I would dearly love to meet every week, like our other Christian church neighbors do, but it will be difficult to change the habits of our families and catechists. Moving away from this school-year model might encourage the life-long learning we would love to promote. I have considered offering a “summer” session, probably intergenerational, that would be more “voluntary” – has anyone had success with year-round catechesis? Our parish does a one week VBS with our neighbor Methodist and Disciples of Christ churches, which has served all three congregations nicely.

    It is good to learn what others are doing – thanks for sharing your insights.

  4. Our program begins early October and ends in mid or late May with a potluck for all the families. If you offer Advent, Lent, Mardi Gras…programs with families can’t you include that as some of the hours given you do mutligenerational catechesis on the Seasons with activities at those events? Take home packets, information and faith sharing can be included or have a “Retreat” for families during the course of the year on an evening or Saturday morning or Sunday with a potluck. Everyone is welcome and invited to attend. Peace, Val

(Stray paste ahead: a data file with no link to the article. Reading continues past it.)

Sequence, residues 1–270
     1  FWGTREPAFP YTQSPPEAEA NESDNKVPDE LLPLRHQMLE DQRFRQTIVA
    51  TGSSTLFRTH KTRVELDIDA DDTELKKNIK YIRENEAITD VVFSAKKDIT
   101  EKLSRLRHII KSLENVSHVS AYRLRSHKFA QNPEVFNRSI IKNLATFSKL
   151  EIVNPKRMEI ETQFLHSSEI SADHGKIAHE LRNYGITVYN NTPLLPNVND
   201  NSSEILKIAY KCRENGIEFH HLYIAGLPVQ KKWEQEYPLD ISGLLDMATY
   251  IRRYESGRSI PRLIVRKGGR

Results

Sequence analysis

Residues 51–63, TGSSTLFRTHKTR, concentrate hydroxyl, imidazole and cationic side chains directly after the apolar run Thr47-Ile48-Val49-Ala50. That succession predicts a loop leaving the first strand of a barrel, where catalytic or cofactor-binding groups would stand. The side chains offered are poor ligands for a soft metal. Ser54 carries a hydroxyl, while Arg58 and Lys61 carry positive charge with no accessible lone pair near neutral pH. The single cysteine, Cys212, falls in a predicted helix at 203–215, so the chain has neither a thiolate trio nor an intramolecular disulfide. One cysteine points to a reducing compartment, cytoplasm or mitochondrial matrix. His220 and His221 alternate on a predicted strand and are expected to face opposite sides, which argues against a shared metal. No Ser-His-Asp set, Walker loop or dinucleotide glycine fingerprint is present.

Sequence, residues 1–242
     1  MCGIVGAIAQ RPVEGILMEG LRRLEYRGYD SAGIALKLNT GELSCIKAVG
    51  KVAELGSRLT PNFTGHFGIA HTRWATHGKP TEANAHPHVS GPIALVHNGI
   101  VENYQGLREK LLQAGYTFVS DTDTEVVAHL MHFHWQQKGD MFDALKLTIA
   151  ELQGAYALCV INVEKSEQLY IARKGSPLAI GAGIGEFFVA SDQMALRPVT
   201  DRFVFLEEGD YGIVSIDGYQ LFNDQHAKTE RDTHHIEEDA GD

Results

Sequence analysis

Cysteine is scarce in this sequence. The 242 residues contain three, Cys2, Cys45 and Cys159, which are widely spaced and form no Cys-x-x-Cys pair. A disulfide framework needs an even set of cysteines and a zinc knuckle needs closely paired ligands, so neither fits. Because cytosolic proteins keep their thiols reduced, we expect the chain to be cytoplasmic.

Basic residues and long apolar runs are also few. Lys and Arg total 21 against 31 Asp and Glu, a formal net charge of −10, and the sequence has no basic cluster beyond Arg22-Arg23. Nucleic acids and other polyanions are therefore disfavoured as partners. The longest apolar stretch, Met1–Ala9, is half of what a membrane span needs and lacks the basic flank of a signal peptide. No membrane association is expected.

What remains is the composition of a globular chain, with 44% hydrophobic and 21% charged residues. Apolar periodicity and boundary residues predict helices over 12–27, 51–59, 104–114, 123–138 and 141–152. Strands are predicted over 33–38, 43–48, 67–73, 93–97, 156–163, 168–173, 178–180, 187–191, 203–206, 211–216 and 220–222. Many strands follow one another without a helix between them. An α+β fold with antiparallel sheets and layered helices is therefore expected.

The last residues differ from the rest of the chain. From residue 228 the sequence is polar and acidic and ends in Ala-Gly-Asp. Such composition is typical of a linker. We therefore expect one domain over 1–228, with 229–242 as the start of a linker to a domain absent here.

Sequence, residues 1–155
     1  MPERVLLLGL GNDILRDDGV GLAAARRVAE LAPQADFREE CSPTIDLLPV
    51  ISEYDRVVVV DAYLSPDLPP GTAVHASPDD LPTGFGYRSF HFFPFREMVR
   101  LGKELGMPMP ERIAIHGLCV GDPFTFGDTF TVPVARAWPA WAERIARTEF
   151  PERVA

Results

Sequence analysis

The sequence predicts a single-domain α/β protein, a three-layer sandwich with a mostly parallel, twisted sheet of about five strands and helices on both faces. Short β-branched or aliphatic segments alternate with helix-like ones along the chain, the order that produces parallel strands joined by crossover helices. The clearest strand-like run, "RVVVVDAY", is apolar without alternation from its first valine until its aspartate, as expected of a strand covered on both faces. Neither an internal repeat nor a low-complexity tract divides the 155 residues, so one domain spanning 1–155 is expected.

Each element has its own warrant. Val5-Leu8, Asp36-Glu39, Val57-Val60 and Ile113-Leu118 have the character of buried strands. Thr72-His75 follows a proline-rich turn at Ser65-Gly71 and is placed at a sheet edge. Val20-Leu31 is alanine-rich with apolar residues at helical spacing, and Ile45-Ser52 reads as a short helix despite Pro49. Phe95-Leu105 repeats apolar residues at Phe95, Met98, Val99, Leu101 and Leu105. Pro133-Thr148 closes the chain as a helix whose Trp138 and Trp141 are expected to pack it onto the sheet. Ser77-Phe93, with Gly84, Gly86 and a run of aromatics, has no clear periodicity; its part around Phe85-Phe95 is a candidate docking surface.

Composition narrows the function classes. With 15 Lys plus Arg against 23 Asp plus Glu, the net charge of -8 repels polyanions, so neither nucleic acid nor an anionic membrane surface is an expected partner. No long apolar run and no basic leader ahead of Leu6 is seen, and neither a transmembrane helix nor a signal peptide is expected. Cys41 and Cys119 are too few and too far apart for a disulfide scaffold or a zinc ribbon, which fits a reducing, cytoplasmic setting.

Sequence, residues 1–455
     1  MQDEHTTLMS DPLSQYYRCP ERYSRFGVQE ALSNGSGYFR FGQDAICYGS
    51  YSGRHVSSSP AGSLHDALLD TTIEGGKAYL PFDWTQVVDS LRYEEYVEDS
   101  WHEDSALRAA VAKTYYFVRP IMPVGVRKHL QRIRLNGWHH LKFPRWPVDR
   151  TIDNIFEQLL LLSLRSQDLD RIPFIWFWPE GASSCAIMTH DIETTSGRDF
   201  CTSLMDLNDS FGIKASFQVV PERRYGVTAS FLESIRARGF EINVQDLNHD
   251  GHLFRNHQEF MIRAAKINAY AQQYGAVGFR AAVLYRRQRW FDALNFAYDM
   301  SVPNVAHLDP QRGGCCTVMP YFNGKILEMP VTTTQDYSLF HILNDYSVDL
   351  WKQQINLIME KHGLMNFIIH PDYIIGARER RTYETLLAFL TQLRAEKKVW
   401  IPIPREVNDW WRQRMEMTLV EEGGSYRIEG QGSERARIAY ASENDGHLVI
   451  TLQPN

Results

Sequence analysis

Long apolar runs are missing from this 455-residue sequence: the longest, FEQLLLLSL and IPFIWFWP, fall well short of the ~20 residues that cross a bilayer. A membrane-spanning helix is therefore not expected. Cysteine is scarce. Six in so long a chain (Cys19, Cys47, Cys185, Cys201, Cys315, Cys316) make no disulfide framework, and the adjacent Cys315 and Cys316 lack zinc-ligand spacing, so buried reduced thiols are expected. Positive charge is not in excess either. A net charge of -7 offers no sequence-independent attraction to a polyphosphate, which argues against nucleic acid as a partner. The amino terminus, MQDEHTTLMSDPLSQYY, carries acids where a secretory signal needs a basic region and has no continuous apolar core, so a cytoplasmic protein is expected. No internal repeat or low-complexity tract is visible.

5. I usually have 23-25 contact hours with our program. Yes, this seems like the bare minimum to me, but our attendance is excellent. Our program runs from the last week in September to the second week of May. We also provide days off to follow the county school system holidays. That way, if families want to travel on a three day weekend, they can. If I were to begin earlier in September, families would be stressed with balancing Back to School nights with muliple children. I also like to wait until after Catechetical Sunday, so my catechists begin with their commissioning. If I try to extend the year later into May, spring sports take over and children leave. So we make the most out of our three sessions of one hour each and pray for the parents’ support. Love to hear from some other diocese.

  6. We meet for one hour a week from the week after school starts (the day after Labor Day) so around the 2nd Tuesday of September until the 3rd Tuesday in May. We have two classes in December for our Christmas Pageant practice and play and two weeks for Confessions (Advent and Lent) plus 2 weeks at Christmas and 1 week for Spring Break (or two weeks if the schools happen to be off for 2 weeks as they are this year). We also substitute the Stations of the Cross during Holy Week.That gives us approximately 30 hours that we have contact with them although not all are in the classroom. We feel the other items noted above are necessary. The Confirmation class goes to the week after their Confirmation which this year is Junr 9th.